Our researchers

Sonia Livingstone (LSE), Edmund Sonuga-Barke (KCL), Mariya Stoilova (LSE )Jake Bourgaize (Kings College London), Kasia Kostyrka-Allchorne (KCL), Eliz Azeri (Kings College London) 

Dynamic Interplay of Online Risk and Resilience in Adolescence (DIORA)  

A multi-method study of the mental health risks and benefits of digital technology use

This project explores young people’s online experiences and their relationship to changes in mental health. 

Research highlights adolescent digital engagement either as a mental health risk or as a source of support or resilience. However, the ways in which digital engagement has its effects during adolescence, either positive or negative, remain poorly understood. 

Many questions remain. Do different mental health conditions lead to different patterns of digital engagement or exposure to risks or benefits? What aspects of digital engagement contribute to different mental health outcomes? 

To address these issues, in DIORA we research young people with two different mental health conditions, self-harm and eating disorders, to identify the potential negative and positive effects of digital engagement.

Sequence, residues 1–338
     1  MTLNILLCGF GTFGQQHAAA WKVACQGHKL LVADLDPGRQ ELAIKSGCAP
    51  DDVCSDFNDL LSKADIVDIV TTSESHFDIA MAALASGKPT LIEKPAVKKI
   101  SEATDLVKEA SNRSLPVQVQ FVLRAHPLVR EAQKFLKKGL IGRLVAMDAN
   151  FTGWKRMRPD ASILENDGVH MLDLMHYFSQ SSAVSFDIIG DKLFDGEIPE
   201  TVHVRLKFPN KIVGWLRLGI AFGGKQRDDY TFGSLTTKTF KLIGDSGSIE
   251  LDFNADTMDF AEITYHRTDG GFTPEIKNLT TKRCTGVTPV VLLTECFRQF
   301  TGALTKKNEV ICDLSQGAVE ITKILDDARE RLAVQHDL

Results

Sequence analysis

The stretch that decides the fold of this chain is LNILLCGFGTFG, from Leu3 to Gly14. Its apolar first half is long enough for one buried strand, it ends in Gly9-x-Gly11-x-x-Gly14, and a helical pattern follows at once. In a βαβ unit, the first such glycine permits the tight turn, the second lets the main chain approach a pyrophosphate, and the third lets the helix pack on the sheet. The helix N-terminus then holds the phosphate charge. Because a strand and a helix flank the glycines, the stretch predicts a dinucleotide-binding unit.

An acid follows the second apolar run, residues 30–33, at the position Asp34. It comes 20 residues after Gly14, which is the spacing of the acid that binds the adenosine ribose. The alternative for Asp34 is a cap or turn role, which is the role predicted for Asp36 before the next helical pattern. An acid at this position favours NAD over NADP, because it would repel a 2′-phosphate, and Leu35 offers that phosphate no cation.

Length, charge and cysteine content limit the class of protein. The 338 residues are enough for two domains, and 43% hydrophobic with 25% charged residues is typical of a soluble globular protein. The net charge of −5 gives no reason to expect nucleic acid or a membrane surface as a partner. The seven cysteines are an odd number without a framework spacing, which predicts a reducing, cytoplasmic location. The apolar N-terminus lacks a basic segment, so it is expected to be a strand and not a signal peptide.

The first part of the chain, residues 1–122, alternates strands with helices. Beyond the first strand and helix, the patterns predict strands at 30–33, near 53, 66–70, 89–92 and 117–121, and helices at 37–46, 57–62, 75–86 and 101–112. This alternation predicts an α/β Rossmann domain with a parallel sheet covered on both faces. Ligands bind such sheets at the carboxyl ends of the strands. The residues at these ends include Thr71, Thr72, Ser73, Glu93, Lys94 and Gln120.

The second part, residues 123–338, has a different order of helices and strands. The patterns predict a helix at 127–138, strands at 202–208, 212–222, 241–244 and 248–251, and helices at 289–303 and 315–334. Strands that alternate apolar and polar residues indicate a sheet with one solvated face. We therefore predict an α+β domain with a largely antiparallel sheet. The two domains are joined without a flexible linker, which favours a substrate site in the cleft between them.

Research questions 

  • Do adolescents’ digital and non-digital activities/experiences impact on their mental health over a 6-month period and/or vice versa?
  • Are these effects mediated by their short-term impacts on psychological and emotional states?
  • Are these relationships moderated by adolescents’ personal characteristics or circumstances?
  • Do these processes and effects differ for digital and non-digital (face-to-face) experiences?

The popular media is full of claims about the way adolescents use the internet and how this impacts their mental health, seemingly backed up by research evidence. However, a lot of that evidence is cross-sectional in nature which means that we can’t say whether it is the internet use that drives mental health or mental health states that drive internet use. This makes sensible intervention to improve mental health impossible. DIORA will answer this vital question!

Prof Edmund Sonuga-Barke


It is time to understand the role played by “digital engagement” in the emotional lives and mental health of adolescents, so that policymakers and practitioners can tailor their support effectively. Our project will pay close attention to the interplay between mood and digital activities among young people struggling with eating disorders and self-harm. Does going online help or hinder – and when and why? We aim to find out.

Prof Sonia Livingstone


Project partners

King's College London